Every day, 99.co picks a piece of property jargon to explain it. Today we look at the Fixed Deposit Home Rate (FHR) loan. Here’s how it works:
Fixed Deposit Home Rate (FHR) Loan
The FHR loan was first created by DBS bank in 2015 (although other banks now offer similar loans). An FHR loan consists of the bank’s spread, plus the fixed deposit rate in question. For example:
Say the bank uses its 12-month fixed deposit rate for an FHR loan. The bank’s spread (the amount it’s charging on top of the rate) is 0.8 per cent. If the 12-month fixed deposit rate is 0.19 per cent, then the interest rate would be (0.8% + 0.19%) = 0.99 per cent per annum.
An FHR loan can be pegged to many different fixed deposit rates; 24-month, 12-month, 18-month, and 8-month rates have all appeared on the market. This is usually denoted by a number (e.g. FHR8 refers to an FHR loan pegged to 8-month fixed deposit rates).
While there are some complex reasons behind why, say, an 8-month rate might be better than a 12-month rate, you don’t really need to dive that deep into it. Just focus on finding the package with the lowest rate, and a mortgage broker can guide you in this.
How much would you pay using an FHR loan?
At the timing of writing, the cheapest FHR loan we could find was DBS FHR-8. This was at 1.95 per cent per annum, for a 25 year loan.
Assuming 75 per cent financing (the maximum) on a $1.5 million condo, you could borrow up to $1,125,000. Under FHR-8, this translates to around $4,800+ per month in loan repayments. Total interest repayments would be about $290,000, by the time your loan is fully repaid.
Remember that home loan rates are always changing though – so you should check again with a mortgage broker when you’re ready to buy.
Is it true that FHR loans always have lower interest rates?
Not really. FHR loans respond more slowly to the interest rate environment than SIBOR loans. When SIBOR loans go up, FHR loans tend to rise in tandem – it’s just that your interest rate may rise after a longer time period, or by a smaller amount.
Note, however, that the reverse can also be true. In a declining interest rate environment, SIBOR is also likely to fall faster than FHR loans. So if the current situation turns and rates fall again, SIBOR could actually save you more money.
For those of you reading this in 2019, however, you should note that we’re in a rising interest rate environment; and probably will be over the long term.
Why are FHR rates so popular these days?
As stated above, we’re in a rising interest rate environment; but there are other reasons too:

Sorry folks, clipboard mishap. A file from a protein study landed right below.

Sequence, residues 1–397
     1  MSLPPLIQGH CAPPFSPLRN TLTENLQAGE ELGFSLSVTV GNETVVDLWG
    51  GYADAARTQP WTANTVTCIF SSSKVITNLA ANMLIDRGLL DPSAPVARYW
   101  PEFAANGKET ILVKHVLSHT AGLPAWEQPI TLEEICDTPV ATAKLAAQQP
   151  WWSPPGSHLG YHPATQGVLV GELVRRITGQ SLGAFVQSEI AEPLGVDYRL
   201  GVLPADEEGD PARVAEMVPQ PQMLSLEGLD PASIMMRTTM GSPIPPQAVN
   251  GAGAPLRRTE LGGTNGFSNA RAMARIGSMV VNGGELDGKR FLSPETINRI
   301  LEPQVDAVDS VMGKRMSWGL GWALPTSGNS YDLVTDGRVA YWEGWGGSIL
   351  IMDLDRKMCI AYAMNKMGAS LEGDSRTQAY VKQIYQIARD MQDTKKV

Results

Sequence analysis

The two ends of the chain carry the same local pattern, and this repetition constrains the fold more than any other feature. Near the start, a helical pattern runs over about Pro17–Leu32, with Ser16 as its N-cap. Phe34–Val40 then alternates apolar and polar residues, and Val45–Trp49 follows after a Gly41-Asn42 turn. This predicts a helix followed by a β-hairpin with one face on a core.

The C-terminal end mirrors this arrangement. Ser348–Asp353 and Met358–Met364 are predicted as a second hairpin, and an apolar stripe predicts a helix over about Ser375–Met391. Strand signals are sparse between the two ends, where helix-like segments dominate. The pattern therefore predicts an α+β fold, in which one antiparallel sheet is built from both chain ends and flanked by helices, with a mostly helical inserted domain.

Prior to the existence of FHR loans, most home loans were either pegged to the Singapore Interbank Offered Rate (SIBOR), or Swap Offer Rate (SOR).
Without writing a whole textbook here, suffice it to say that SIBOR and SOR rates used to be very attractive. They fell to abnormally low levels after the 2008 Global Financial Crisis, and made home loans cheap.
However, those days are now over, and interest rates are on the rise again. Where it was once possible to get SIBOR loans as low as 1.2 per cent, for example, the typical rate is now around two per cent.
For a time however, there was no real alternative to SIBOR loans. Banks did offer Board Rate (BR) loans, in which they controlled the interest rate instead of relying on SIBOR or SOR. But few borrowers dared to take up BR loans, as the bank could easily jack up the rates at a moment’s notice.
This is where FHR loans come in. While FHR loans are still BR loans, they are naturally “controlled” by being pegged to fixed deposit rates. If a bank wants to raise its home loan interest rate, they must also raise their fixed deposit rates and pay out more.
As such, banks are disincentivised from suddenly hiking rates.
The FHR loans thus provide two benefits: they provide an interest rate that rises more slowly than SIBOR, without the risk associated with BR loans.
Remember that FHR loans are still BR loans
The important thing to remember is that banks are less incentivised to raise their FHR loan interest. But if a good reason comes along (e.g. the bank wants to attract more depositors), it may go ahead and raise the rates anyway – and then it becomes a nice bonus to the bank, in that your higher home loan interest rate helps to offset their promotional scheme!
Borrowers who don’t want the bank having full control of their rates are better off sticking to SIBOR loans, even if they cost a bit more.
But otherwise, FHR loans can be a good way to save money, in a rising interest rate environment.
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